Alex Wulff inspires seventh graders
Skaneateles High School Junior Alex Wulff inspired seventh graders during a presentation in the library during the last week of school. He spoke to the entire grade about science fair projects, inventions, high school technology classes and more.
Wulff has been the winner of the Central New York Science & Engineering Fair the past two years and has won awards at the Intel International Science and Engineering Fair both times.
At the international fair in Phoenix, Arizona, this May, Wulff was named the international fourth-place Intel ISEF Grand Award winner in the Embedded Systems category. That's the same award Wulff won at the 2015 Intel ISEF event. Wulff also won the Patent and Trademark Office Society Special Award.
He told students how he started participating in science fairs at their age, and walked them through the steps of creating a product/project.
“The hardest part by far is coming up with good ideas,” he said. Over the past two years, he has explored at least 30 different ideas to one extent or another. This year's project involved creating sensors that are placed inside casts to alert orthopedic doctors if there is a problem. Wulff built the sensors himself and is seeking to patent his invention.
Last year, Wulff designed and built tiny, inexpensive devices that constantly scan the path in front of a visually impaired wearer and alert him or her to the proximity of close objects with subtle vibrations.
“It helps to come up with an idea that interests you,” he said, encouraging students to “look around for ways to make the world a better place.” What is needed out there? What will help people? Many ideas already have been taken, he said. But just because someone else has tried something doesn’t mean that it can’t be developed and improved upon.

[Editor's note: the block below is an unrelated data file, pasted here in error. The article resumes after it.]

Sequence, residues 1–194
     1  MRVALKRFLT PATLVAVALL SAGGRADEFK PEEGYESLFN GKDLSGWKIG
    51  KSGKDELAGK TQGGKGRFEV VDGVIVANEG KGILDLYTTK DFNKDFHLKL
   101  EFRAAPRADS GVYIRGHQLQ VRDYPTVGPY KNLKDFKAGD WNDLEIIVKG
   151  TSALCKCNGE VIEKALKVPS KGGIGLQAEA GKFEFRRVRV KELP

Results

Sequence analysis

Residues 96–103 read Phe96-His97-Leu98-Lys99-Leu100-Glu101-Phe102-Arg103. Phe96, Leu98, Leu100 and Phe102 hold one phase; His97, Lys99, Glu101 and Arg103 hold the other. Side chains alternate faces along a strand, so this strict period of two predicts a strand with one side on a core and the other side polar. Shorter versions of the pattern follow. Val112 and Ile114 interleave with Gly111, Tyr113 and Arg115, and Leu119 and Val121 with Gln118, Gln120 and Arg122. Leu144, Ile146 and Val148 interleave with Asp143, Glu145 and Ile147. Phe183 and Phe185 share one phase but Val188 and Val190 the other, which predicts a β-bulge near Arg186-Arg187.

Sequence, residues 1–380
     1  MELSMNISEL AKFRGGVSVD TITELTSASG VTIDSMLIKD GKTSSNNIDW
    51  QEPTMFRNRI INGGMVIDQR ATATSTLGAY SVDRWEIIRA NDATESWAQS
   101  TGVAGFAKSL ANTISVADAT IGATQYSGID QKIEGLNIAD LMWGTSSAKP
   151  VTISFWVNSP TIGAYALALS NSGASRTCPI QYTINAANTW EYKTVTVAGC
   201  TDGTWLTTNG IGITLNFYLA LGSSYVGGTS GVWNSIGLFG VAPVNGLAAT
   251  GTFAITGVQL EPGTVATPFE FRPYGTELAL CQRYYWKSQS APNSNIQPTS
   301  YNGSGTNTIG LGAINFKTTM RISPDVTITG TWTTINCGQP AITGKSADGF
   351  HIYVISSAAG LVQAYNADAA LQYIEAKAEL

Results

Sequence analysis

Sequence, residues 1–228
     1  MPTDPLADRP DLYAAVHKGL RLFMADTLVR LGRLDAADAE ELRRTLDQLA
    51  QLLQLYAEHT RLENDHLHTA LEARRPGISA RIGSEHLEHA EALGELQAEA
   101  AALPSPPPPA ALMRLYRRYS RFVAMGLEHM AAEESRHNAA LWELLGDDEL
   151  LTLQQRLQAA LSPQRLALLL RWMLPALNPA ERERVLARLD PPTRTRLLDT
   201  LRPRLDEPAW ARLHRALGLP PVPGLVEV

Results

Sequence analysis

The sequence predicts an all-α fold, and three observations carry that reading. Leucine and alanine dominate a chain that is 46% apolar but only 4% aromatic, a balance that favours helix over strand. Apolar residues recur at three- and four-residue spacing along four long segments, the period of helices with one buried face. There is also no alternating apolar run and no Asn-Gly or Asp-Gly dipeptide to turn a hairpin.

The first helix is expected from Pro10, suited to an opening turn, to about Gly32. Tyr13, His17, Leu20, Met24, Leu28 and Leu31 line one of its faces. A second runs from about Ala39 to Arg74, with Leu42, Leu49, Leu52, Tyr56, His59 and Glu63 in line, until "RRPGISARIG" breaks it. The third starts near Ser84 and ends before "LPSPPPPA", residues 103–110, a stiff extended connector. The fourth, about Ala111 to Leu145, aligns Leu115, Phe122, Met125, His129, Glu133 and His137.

He has done all kinds of projects, from engineering to life sciences.
Wulff told the seventh graders what they have to look forward to with Project Lead the Way engineering classes in the high school. He talked about building a mandolin in Computer Integrated Manufacturing with Mr. Matt Slauson, and showed them a video of a trebuchet he made with fellow students in his Principals of Engineering class. (For this popular assignment, the trebuchets are used to catapult pumpkins in the fall).
Students appeared mesmerized with the details of how he spends months and months on a project, ideally beginning in the summer. When someone if he knows what he is creating next, he told how he is busy “designing applications for clients” right now. In addition to his science fair projects, he runs a business.
After leaving the packed middle school library, Wulff headed down the hall to Todd Lamberton’s classroom to talk with sixth grade science students.
In a previous press release about Wulff, Peter Plumley, chief program officer at the Milton J. Rubenstein Museum of Science & Technology and director of the local science fair, said this: "ISEF is the biggest pre-college science fair in the world, and is attended by over 1700 of the top students from 77 different countries and territories around the globe. Alex has impressed our local judges, as well as the judges on the international field, with both his research and innovative design and application of imbedded systems with the goal of advancing orthopedic techniques that have been in practice for a century or more.”
Wulff was one of two CNY students featured in a special "SciTech Now" program about CNYSEF that aired recently on WCNY-TV. Watch the program and learn about his potentially limb-saving invention at http://video.wcny.org/video/2365741709/.
Intel ISEF honors the world's most promising student scientists, inventors and engineers. Finalists are selected annually from hundreds of affiliated fairs. Their projects are evaluated onsite by approximately 1,000 judges from nearly every scientific discipline, each with a Ph.D. or the equivalent of six years of related professional experience in one of the scientific disciplines.